Side by side with Haldane stood a creature whose dishevelled, rusty hair, blotched and bloated features, wanton, cunning, restless eyes, combined perfectly to form the head of the mythological Harpy. It required little effort of the imagination to believe that her foul, bedraggled dress concealed the "wings and talons of the vulture." Being still unsteady from her night's debauch, she leaned against the young man, and when he shrank in loathing away, she, to annoy him, clasped him in her arms, to the uproarious merriment of the miscellaneous crowd that is ever present at a police court. Haldane broke away from her grasp with such force as to make quite a commotion, and at the same time said loudly and fiercely to the officer who had arrested him:
"You may have power to take me to jail, but you have not, and shall not have, the right nor the power to subject me to such indignities."
"Silence there! Keep order in the court!" commanded the judge.
The officer removed his prisoner a little further apart from the others, growling as he did so:
"If you don't like your company, you should have kept out of it."
Even in his overwhelming anxiety and distress Haldane could not forbear giving a few curious glances at his companions. He had dropped out of his old world into a new one, and these were its inhabitants. In their degradation and misery he seemed to see himself and his future reflected. What had the policeman said?--"Your company," and with a keener pang than he had yet experienced he realized that this was his company, that he now belonged to the criminal classes. He who yesterday had the right to speak to Laura Romeyn, was now herded with drunkards, thieves, and prostitutes; he who yesterday could enter Mrs. Arnot's parlor, might now as easily enter heaven. As the truth of his situation gradually dawned upon him, he felt as if an icy hand were closing upon his heart.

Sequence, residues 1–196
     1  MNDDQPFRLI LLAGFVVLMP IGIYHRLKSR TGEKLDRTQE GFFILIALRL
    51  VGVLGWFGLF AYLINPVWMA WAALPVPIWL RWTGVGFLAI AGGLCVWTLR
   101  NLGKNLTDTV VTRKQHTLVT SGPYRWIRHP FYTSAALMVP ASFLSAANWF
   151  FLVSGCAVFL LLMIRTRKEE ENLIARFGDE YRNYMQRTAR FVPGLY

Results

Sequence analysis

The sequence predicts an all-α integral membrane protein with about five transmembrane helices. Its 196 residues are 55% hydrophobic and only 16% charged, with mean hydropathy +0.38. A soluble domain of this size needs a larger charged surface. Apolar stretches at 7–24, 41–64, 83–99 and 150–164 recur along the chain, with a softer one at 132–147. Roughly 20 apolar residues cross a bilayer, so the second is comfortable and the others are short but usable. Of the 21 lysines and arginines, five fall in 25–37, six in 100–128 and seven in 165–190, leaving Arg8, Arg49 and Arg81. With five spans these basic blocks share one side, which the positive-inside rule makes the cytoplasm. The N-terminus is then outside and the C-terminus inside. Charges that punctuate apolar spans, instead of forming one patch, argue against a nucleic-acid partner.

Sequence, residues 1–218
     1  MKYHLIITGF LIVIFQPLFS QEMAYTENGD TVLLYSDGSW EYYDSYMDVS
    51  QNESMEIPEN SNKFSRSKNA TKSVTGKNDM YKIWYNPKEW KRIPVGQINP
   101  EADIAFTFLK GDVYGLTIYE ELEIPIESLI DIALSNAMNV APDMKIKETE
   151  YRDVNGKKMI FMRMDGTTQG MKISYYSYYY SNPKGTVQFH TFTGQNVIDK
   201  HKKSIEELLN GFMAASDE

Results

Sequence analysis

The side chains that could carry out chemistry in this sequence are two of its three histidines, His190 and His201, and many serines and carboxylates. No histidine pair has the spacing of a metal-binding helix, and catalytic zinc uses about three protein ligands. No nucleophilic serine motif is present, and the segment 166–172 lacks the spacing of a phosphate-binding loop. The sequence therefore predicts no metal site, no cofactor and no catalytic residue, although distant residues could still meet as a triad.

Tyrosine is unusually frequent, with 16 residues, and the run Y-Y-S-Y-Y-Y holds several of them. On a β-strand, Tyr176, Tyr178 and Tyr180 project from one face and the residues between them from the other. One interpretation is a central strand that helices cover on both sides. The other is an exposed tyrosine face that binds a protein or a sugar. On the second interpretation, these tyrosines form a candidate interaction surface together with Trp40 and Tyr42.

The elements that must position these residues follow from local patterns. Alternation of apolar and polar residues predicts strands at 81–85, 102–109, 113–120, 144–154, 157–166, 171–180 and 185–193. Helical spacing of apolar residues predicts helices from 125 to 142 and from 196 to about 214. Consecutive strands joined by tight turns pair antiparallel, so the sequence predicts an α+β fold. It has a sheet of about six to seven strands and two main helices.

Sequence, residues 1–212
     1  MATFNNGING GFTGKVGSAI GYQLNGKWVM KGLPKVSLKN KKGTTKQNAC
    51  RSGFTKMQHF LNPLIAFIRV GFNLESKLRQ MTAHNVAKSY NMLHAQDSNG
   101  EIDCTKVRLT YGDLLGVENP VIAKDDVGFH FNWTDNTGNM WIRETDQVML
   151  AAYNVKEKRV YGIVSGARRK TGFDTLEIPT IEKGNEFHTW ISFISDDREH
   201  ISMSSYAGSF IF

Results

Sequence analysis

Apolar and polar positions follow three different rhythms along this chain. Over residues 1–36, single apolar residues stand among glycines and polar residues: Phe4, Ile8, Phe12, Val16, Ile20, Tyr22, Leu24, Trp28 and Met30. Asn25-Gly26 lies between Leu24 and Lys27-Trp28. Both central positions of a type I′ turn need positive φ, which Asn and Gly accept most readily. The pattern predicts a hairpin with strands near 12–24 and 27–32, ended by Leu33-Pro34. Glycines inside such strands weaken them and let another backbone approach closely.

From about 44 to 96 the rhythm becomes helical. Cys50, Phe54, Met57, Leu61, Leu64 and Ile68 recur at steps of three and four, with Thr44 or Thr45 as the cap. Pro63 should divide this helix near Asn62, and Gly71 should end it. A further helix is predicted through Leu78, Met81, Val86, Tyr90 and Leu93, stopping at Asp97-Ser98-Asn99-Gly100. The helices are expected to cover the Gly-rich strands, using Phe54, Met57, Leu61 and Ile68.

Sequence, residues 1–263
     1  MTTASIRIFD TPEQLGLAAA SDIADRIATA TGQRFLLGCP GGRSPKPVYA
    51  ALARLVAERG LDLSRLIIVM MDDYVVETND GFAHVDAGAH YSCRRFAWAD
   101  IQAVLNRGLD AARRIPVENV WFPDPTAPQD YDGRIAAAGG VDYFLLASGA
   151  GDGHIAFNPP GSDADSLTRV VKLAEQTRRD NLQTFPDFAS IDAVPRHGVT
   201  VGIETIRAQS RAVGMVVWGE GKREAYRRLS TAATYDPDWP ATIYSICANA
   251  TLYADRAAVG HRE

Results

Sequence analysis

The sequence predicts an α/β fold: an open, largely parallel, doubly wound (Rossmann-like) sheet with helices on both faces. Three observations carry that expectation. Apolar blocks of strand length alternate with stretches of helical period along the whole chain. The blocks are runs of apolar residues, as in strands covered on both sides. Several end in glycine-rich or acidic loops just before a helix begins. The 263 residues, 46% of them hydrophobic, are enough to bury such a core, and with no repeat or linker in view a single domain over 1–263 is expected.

But little time, however, was given him for observation or bitter revery. With the rapid and routine-like manner of one made both callous and expert by long experience, the magistrate was sorting and disposing of the miserable waifs. Now he has before him the inmates of a "disorderly house," upon which a "raid" had been made the previous night. What is that fair young girl with blue eyes doing among those coarse-featured human dregs, her companions? She looks like a white lily that has been dropped into a puddle. Perhaps that delicate and attractive form is but a disguise for the Harpy's wings and claws. Perhaps a gross, bestial spirit is masked by her oval Madonna-like face. Perhaps she is the victim of one upon whom God will wreak his vengeance forever, though society has for him scarcely a frown.
The puddle is suddenly drained off into some law-ordained receptacle, and the white lily is swept away with it. She will not long suggest a flower that has been dropped into the gutter. The stains upon her soul will creep up into her face, and make her hideous like the rest.